Pharmacy techs tackle expanded role
Are the nation’s more than 330,000 pharmacy technicians ready to step up to a higher level of patient services and a more demanding but rewarding career?
For most pharmacy techs, that step up in duties is either fast approaching or has already begun. Given the massive changes sweeping the severely stressed U.S. healthcare system and the retail, clinical and hospital pharmacies that serve it, thousands of technicians in those settings are already taking on meatier roles as they fill the void left by pharmacists called on to perform additional clinical services.
The additional support needed by technicians is a direct result of the fundamental shifts in patient care responsibilities that are transforming the pharmacy workplace. As overburdened primary care physicians turn to pharmacists, nurse practitioners and other health professionals to take on more of the routine care and monitoring of patients, pharmacists are focusing increasingly less on prescription drug dispensing, pharmacy administration and insurance adjudication. With physicians looking to ease their patient caseloads for routine conditions, hospitals releasing patients “quicker and sicker,” and health plan payers desperately scrambling for more cost-effective ways to improve their patients’ health and well-being, pharmacists are taking on increasing responsibility for such clinical services as patient education and oversight, disease management, immunizations and medication therapy management.
Given the growing complexity of the position, training and certification are fast becoming a basic requirement for any post as a pharmacy technician. “More and more employers are requiring pharmacy technician certification,” the American Society of Health System Pharmacists noted. “Most pharmacy technician job postings say that they want candidates who are either already certified or are currently enrolled in pharmacy technician school.”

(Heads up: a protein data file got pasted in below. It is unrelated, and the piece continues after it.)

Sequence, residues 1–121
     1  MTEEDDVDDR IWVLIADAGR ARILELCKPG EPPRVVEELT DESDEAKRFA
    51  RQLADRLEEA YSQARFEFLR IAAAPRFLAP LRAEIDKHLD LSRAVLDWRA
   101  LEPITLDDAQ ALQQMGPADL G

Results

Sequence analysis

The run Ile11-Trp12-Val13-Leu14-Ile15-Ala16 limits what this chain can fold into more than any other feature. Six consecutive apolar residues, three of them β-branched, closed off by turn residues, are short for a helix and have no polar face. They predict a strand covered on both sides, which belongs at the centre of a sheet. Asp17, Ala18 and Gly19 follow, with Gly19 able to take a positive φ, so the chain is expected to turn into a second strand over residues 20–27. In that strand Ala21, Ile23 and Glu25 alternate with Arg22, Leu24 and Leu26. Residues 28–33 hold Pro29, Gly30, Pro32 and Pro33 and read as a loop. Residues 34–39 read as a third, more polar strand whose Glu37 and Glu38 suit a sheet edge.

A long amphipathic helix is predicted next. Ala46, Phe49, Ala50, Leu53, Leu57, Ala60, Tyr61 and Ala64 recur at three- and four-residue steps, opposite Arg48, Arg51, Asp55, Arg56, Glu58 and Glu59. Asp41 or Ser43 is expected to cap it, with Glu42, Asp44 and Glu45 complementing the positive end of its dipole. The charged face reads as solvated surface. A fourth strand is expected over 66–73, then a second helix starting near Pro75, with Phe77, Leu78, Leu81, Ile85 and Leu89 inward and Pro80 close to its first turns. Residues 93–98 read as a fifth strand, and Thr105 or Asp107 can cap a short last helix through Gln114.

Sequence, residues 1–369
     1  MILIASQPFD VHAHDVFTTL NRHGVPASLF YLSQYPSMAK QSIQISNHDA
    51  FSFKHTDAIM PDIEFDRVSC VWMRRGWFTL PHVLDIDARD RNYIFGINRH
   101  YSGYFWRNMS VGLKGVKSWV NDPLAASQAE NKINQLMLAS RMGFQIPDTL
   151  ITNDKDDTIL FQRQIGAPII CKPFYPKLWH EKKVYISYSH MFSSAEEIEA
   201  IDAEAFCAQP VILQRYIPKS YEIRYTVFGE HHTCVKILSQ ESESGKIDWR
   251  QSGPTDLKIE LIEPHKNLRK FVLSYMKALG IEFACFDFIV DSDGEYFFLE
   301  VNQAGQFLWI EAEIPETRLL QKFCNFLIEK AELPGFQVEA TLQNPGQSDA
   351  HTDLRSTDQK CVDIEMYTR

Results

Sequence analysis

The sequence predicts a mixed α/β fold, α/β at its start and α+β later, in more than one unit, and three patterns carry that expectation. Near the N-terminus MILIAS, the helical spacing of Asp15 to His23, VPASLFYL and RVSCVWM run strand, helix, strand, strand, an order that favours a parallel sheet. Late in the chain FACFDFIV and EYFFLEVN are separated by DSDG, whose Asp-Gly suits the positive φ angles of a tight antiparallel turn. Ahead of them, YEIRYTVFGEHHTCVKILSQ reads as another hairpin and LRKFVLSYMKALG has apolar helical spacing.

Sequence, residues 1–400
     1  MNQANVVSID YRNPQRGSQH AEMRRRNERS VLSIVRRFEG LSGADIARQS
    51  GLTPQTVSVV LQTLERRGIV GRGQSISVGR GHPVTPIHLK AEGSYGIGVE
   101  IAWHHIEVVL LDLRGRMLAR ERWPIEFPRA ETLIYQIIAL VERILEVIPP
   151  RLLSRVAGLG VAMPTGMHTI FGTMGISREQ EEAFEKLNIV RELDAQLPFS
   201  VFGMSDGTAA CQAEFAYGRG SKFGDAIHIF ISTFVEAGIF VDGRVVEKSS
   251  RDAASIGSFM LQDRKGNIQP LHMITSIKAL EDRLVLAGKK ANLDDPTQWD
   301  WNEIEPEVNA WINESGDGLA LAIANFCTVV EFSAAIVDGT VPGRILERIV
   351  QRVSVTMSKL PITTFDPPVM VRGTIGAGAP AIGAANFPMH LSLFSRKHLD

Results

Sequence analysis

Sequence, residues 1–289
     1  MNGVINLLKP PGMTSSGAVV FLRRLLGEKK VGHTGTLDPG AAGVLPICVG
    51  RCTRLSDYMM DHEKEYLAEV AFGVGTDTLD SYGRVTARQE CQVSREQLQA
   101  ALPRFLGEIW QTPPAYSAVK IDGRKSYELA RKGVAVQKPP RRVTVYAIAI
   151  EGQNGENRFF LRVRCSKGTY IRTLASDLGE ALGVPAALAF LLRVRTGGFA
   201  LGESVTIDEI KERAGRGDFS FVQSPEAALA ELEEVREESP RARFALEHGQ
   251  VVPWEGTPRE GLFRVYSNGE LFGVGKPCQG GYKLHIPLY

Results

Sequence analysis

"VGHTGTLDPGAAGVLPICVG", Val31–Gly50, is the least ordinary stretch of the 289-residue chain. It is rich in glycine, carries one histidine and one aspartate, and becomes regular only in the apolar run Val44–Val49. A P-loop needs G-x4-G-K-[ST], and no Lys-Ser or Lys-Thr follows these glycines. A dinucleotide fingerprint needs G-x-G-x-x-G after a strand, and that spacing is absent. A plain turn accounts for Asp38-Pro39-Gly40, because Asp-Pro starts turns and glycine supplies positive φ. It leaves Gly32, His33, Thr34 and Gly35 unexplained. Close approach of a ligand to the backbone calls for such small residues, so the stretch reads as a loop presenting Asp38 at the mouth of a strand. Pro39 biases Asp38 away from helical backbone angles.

At this point, only a relative handful of states — Colorado, the District of Columbia, Georgia, Hawaii, Michigan, New York, Pennsylvania and Wisconsin — “currently do not require registration, licensure or certification of pharmacy technicians,” according to the Pharmacy Technician Certification Board. And a growing number of states — a total of 16, according to the “2011 Survey of Pharmacy Law” from the National Association of Boards of Pharmacy — now require that all pharmacy techs be certified by PTCB or other accrediting body before working behind the counter.
PTCB urges techs to “consult their state board of pharmacy for complete and current pharmacy regulations and practice acts.”
The growth of tech responsibilities and the rise in training requirements go hand in hand. “With increasing levels of training and certification, the role of the tech continues to evolve,” the Bureau of Labor Statistics noted in a recent report. “In many cases, he or she handles virtually every step of the prescription dispensing workload, up until final verification of the script by the pharmacist before it goes to the patient. Techs also may establish and maintain patient profiles, prepare insurance claim forms, and stock and take inventory of prescription and over-the-counter medications.”
“As cost-conscious insurers begin to use pharmacies as patient care centers and pharmacists become more involved in patient care, pharmacy technicians will continue to see an expansion of their role,” the bureau report predicted.
At its most basic level, the forces that are reshaping the roles of pharmacists and pharmacy technicians are driven by “the power of community pharmacy services to improve health and reduce costs,” said Steve Anderson, president and CEO of the National Association of Chain Drug Stores, at the organization’s annual meeting April 22.
“The value added by community pharmacy — in the areas of medication counseling, health education, screenings, vaccinations and disease state management — can add tremendous value to a healthcare system that needs solutions that are cost-effective, high-quality and patient-centric,” Anderson said.
NACDS, for its part, is on record supporting “mandatory requirements for training and evaluating technicians.” The organization also favors the adoption by all state boards of pharmacy of a set of standards that would “require employer-based pharmacy technician training programs and evaluation exams” to provide techs with “hands-on training and interaction with pharmacists.”
Pressure for a training and certification standard for pharmacy techs also is coming from state boards of pharmacy. Although, at present, “only a few states require you to be certified,” ASHP noted, “that list is growing as pharmacists depend more on technicians for support.”
What’s more, noted a report from the National Pharmacy Technician Association, “with the invention of e-prescribing, pharmacy technicians may find they may need to attend training on electronic prescribing and protocol in the pharmacy … as more pharmacies adapt to more efficient and electronically savvy ways of doing business.”